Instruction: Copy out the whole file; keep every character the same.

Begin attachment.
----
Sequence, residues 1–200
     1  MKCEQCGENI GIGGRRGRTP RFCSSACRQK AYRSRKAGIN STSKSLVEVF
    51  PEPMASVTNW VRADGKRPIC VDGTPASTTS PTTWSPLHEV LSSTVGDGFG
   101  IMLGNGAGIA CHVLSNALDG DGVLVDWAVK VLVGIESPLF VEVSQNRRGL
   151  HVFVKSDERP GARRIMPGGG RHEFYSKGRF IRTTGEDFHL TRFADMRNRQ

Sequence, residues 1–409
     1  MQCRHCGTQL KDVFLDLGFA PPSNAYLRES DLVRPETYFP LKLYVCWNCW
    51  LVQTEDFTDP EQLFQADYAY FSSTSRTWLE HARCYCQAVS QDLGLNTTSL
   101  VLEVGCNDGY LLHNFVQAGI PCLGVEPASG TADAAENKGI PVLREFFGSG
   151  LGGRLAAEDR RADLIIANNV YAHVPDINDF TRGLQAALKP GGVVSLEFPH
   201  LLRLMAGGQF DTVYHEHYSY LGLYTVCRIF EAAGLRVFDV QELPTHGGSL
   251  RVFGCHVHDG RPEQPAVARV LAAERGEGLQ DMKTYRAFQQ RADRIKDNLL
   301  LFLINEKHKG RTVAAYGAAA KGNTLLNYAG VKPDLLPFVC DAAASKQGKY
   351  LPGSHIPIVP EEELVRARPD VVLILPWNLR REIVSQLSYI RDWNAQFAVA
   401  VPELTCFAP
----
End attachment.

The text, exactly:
Sequence, residues 1–200
     1  MKCEQCGENI GIGGRRGRTP RFCSSACRQK AYRSRKAGIN STSKSLVEVF
    51  PEPMASVTNW VRADGKRPIC VDGTPASTTS PTTWSPLHEV LSSTVGDGFG
   101  IMLGNGAGIA CHVLSNALDG DGVLVDWAVK VLVGIESPLF VEVSQNRRGL
   151  HVFVKSDERP GARRIMPGGG RHEFYSKGRF IRTTGEDFHL TRFADMRNRQ

Sequence, residues 1–409
     1  MQCRHCGTQL KDVFLDLGFA PPSNAYLRES DLVRPETYFP LKLYVCWNCW
    51  LVQTEDFTDP EQLFQADYAY FSSTSRTWLE HARCYCQAVS QDLGLNTTSL
   101  VLEVGCNDGY LLHNFVQAGI PCLGVEPASG TADAAENKGI PVLREFFGSG
   151  LGGRLAAEDR RADLIIANNV YAHVPDINDF TRGLQAALKP GGVVSLEFPH
   201  LLRLMAGGQF DTVYHEHYSY LGLYTVCRIF EAAGLRVFDV QELPTHGGSL
   251  RVFGCHVHDG RPEQPAVARV LAAERGEGLQ DMKTYRAFQQ RADRIKDNLL
   301  LFLINEKHKG RTVAAYGAAA KGNTLLNYAG VKPDLLPFVC DAAASKQGKY
   351  LPGSHIPIVP EEELVRARPD VVLILPWNLR REIVSQLSYI RDWNAQFAVA
   401  VPELTCFAP